Captain Kidd’s final journey

Captain Kidd’s final journey

This is the story of William Kidd and his final journey to Execution Dock, a rich reminder of England’s colorful history.

On a fateful afternoon in 1701 the infamous pirate Captain William Kidd met his maker at the end of a rope. Three centuries later, the story remains one of the most intriguing and imaginative narratives of the time, and one that could easily have come straight out of Hollywood.  Born in Dundee in Scotland in 1645, William Kidd took on the life of a merchant sailor from a young age, relocating to New York City. A 1689 mutiny saw him named captain of the re-monikered Blessed William, a ship that would become synonymous with piracy.

Over the next decade, Kidd became one of if not the most infamous pirate sailing the seven seas, plundering ships and ports and earning a king’s ransom in gold and jewels. Some question this somewhat cliché pirate persona though. There is a school of thought that believes Kidd was actually a privateer working for the English monarchy. To his dying day, Kidd claimed that the treasures he seized were to be returned to their ‘rightful owners.

Drunken passage through the hordes

Having been seized as a pirate in Boston in 1699, Kidd was sent to London to serve punishment. He spent his final months in Newgate prison, continually defying the prison ordinary’s requests for him to repent. On May 23, 1701, with his pleas – which involved attempting to bribe the government with stories of £100,000 secretly buried away – ignored, Kidd was escorted to his death.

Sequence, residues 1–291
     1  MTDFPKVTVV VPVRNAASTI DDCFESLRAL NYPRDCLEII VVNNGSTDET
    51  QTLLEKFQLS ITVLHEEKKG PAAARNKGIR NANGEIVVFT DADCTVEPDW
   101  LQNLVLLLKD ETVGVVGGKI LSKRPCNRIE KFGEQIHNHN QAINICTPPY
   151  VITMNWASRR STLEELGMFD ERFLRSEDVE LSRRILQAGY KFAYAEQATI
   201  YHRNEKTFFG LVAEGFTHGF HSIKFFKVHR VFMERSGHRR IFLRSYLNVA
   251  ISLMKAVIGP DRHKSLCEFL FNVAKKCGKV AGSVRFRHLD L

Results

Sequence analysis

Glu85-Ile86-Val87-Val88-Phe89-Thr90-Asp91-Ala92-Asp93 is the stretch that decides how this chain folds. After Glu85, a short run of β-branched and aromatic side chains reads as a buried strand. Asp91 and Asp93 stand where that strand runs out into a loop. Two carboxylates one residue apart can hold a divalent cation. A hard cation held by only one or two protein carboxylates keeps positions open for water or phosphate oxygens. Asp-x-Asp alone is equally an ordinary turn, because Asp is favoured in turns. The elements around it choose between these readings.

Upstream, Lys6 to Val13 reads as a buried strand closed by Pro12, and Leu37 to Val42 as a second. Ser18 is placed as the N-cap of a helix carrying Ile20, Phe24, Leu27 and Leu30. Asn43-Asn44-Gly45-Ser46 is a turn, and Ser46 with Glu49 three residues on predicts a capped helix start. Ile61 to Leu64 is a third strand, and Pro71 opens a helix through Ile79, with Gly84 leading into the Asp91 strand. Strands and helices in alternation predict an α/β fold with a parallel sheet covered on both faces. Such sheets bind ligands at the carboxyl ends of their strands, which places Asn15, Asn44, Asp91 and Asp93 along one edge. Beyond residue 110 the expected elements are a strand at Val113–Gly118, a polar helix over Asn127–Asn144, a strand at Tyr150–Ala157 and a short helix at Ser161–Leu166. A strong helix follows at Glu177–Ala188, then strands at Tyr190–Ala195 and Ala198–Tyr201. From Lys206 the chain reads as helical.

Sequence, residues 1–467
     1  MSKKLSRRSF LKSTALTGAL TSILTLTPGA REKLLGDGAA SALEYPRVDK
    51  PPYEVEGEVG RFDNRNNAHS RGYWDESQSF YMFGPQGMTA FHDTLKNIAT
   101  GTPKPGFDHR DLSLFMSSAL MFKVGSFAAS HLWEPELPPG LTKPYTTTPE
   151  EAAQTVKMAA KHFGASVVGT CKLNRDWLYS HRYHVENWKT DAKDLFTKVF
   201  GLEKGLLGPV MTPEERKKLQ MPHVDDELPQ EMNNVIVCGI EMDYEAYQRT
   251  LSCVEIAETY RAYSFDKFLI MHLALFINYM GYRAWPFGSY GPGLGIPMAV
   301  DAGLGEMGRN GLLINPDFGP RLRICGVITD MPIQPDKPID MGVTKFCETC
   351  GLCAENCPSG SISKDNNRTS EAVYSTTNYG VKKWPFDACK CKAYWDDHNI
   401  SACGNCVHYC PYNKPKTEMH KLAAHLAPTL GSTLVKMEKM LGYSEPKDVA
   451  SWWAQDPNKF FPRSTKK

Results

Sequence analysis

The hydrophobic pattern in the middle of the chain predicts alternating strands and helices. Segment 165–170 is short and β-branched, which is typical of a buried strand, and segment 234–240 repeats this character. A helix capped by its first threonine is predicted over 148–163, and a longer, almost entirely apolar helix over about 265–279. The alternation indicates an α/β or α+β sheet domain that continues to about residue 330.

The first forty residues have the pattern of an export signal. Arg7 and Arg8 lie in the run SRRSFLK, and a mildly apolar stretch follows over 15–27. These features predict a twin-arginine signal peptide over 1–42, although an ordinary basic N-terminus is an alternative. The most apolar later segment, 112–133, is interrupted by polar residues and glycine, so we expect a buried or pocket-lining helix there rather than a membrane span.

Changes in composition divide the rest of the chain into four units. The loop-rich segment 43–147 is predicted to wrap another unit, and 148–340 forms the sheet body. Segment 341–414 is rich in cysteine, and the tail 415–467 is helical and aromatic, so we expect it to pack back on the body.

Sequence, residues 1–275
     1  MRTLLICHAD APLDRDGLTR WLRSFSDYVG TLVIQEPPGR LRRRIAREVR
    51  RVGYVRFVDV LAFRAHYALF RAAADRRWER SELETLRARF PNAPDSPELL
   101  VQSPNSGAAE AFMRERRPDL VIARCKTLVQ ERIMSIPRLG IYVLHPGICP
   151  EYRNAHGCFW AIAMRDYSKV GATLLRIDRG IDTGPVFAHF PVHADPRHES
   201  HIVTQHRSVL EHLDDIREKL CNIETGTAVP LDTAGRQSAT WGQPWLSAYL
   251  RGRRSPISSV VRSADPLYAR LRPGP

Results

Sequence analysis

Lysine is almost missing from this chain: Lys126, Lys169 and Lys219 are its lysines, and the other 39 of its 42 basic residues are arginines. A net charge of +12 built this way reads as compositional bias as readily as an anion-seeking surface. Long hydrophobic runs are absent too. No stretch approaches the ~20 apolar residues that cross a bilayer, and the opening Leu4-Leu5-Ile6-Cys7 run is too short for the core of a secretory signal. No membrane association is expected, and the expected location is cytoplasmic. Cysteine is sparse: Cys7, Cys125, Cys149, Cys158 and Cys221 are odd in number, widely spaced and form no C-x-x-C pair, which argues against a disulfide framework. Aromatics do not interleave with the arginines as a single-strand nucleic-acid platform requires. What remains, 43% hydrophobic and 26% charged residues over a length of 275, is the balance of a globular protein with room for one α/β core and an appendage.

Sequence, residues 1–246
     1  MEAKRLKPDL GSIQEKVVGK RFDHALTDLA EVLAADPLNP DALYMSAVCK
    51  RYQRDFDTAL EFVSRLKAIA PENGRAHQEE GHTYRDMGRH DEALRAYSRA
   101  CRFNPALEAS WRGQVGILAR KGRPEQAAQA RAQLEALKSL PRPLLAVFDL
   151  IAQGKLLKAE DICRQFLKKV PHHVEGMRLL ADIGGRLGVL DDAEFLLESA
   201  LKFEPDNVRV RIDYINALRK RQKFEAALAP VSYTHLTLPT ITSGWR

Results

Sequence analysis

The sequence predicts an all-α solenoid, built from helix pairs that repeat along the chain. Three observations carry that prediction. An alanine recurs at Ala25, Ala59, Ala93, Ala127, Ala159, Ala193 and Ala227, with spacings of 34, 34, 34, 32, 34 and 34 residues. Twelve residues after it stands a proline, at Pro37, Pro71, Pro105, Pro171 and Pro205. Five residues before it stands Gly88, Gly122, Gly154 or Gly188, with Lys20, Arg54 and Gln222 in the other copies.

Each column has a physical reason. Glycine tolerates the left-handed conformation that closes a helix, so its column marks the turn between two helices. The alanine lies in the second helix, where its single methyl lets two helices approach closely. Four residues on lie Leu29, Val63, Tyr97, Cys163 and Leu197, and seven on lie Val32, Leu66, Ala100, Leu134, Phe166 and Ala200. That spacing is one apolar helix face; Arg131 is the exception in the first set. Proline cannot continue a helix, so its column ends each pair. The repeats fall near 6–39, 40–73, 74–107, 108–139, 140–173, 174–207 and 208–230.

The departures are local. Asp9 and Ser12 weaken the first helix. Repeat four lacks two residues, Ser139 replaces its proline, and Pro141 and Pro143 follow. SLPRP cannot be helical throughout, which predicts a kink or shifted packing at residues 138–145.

His final journey took him through the packed streets of London, past the iconic Tower of London, on to Wapping and the notorious Execution Dock. All the way, hordes of people greeted the famed pirate, some as a hero, others as a villain. Both paupers and nobility climbed over each other to see Kidd, who was pulled through the streets in a cart. Kidd, realizing all hope had failed, proceeded to get blind drunk, hammering back mug of rum after mug of rum.

Upon his arrival at Execution Dock around two hours later, the masses watched on as Kidd – still pleading his innocence – was set to be executed by hanging. The first attempt hardly went to plan, with the rope snapping and Kidd falling to the ground. The second attempt was more final, with Kidd’s body moodily going limp as the sun set. Days later, Kidd’s body was placed in an iron gibbet beside the River Thames where it would remain for years to come, a stark reminder to every sailor that entered the great city of how pirates faired in these parts.

Remembering the past

Retrace the journey today and you’ll find the odd reminder of Kidd’s final moments. Take a stroll along Wapping High Street and you’ll come across The Captain Kidd, a public house located just yards away from where Execution Dock once stood and named for the infamous pirate himself.

Continue east and you’ll find another public house, The Prospect of Whitby. Dating back to the sixteenth century, the establishment – once considered “The Devil’s Tavern” – was a favorite of “Hanging” Judge Jeffreys, a man with a special interest in hanging pirates and society’s other lawbreakers.

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